Blogger Deacon Denny said...

Interesting journey in the post! I thoroughly enjoyed the Brian Greene animation, thank you. My son Paul did some work for him at Columbia University, and he came out here to Seattle for a public lecture, which I attended. He is to modern physics what Carl Sagan was to astronomy several years ago... someone who can popularize it, make it understandable, even beautiful.

I didn't know that about Darwin, but did know that depression is very common. It's interesting to think it might have a secret purpose. I remember a time in my life when I suffered from depression a lot... and actually wrote a LOT of poetry, which I never do anymore. It was a bittersweet time.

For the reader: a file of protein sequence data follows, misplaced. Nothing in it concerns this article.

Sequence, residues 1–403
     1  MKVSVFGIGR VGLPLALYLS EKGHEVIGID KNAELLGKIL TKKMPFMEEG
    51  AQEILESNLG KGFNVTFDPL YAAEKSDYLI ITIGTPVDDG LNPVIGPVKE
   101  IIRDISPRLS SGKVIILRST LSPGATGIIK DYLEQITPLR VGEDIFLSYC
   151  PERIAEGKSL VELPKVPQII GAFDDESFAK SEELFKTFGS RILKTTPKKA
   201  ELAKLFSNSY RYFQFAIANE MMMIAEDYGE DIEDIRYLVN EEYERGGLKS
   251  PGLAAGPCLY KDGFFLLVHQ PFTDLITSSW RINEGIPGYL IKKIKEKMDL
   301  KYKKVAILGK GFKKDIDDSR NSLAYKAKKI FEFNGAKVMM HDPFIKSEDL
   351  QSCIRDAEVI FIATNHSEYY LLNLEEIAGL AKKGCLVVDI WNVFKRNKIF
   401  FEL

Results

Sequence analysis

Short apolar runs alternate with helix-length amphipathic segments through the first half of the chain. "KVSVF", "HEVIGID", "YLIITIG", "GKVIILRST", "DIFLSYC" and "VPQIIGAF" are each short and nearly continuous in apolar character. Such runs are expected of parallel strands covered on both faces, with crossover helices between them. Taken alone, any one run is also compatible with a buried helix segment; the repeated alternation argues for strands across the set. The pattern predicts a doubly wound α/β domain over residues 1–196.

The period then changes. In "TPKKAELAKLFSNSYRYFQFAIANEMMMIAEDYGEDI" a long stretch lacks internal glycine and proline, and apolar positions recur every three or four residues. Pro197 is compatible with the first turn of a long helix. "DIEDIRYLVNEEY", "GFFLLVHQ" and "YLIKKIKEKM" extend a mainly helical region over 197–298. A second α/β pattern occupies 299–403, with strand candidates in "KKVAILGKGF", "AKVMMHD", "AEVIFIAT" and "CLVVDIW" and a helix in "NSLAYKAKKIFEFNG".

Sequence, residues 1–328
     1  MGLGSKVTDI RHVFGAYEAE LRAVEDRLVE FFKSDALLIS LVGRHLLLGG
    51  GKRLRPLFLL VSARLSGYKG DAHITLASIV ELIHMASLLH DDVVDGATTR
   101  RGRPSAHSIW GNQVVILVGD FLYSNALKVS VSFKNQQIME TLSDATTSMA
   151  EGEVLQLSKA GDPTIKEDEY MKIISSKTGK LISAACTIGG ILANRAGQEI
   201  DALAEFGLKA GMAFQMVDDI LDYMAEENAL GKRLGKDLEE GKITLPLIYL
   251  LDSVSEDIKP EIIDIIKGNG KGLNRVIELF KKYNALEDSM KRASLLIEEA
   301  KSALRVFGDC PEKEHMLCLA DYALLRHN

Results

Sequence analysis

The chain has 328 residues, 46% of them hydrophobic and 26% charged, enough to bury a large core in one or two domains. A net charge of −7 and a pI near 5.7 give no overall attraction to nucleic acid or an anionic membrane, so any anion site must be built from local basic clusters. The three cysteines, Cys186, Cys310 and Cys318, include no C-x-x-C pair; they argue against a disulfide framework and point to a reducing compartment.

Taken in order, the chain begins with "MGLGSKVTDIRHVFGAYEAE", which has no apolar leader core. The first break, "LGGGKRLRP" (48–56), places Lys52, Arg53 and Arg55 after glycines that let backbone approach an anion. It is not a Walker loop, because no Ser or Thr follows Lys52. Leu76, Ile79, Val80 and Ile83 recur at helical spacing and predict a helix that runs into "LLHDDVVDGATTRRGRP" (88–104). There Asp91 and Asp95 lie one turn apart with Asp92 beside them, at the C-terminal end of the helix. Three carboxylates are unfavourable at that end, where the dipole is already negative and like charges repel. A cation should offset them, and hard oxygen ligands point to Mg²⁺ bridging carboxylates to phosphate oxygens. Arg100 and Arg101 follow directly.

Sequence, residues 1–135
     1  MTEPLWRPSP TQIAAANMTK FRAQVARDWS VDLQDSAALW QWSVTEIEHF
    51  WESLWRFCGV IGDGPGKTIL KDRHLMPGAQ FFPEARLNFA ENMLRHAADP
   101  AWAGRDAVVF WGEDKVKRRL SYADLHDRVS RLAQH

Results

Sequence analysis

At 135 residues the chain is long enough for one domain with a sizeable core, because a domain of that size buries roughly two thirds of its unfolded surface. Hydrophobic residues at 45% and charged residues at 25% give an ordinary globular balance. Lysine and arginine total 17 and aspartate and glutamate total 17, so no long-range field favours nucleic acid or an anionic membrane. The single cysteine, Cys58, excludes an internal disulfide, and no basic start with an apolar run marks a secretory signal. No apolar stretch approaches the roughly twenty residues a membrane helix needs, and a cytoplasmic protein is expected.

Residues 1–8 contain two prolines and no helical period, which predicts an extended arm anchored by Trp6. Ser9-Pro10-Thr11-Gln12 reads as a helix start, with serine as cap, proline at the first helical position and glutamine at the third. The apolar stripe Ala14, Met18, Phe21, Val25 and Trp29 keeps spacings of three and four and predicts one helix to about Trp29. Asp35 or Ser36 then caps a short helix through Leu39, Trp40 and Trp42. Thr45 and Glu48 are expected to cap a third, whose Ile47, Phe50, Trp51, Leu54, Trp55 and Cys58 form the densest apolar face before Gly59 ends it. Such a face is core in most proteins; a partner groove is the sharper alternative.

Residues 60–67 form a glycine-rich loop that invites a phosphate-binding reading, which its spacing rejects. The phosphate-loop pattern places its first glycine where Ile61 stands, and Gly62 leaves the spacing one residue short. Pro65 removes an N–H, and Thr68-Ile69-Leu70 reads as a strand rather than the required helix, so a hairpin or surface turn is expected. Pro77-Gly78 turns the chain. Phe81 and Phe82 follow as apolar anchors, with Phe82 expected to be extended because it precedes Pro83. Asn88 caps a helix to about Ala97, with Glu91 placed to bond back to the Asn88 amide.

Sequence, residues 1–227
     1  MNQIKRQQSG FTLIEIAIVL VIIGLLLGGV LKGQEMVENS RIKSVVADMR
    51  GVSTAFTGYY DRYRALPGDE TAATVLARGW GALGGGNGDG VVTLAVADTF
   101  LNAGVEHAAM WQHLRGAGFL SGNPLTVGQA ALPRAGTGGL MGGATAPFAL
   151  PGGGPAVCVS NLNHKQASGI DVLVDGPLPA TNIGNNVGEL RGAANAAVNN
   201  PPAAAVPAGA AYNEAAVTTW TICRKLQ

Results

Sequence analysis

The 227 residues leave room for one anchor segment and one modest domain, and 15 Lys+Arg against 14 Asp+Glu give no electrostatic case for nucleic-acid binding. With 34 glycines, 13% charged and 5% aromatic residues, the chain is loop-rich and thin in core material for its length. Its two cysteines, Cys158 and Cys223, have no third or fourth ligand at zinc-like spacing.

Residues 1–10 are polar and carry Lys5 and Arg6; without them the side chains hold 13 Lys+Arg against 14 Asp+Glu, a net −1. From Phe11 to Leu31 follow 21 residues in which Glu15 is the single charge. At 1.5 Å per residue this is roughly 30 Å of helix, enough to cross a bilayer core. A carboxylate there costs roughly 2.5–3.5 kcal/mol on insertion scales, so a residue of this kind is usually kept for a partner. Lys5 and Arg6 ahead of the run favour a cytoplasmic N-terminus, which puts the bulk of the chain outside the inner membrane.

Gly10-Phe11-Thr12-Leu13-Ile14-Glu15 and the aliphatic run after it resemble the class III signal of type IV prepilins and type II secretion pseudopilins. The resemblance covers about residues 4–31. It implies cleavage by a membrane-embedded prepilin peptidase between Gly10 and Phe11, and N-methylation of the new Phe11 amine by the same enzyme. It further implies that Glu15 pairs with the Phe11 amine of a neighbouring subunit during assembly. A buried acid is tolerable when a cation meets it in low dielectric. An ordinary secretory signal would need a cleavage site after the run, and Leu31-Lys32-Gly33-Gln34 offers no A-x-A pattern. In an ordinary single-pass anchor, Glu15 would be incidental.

6:07 PM  
Blogger Matthew said...

That is absolutely creepy. I was asking this /exact/ question (about the evolutionary utility of depression) just yesterday. Thanks for the snip and link!

7:00 PM  
Blogger crystal said...

Hi Denny,

How interesting that you and your son know Brian Greene :) I just saw a new book by him at the library on this stuff - maybe I'll pick it up the next time I'm there.

Yeah, weird to think depression may have a silver lining in a way. Maybe I'll try not to be so depressed about being sepressed.

You should post some of your poetry at your blog!

7:03 PM  
Blogger crystal said...


I'm humming that music from The Outer Limits :)

7:04 PM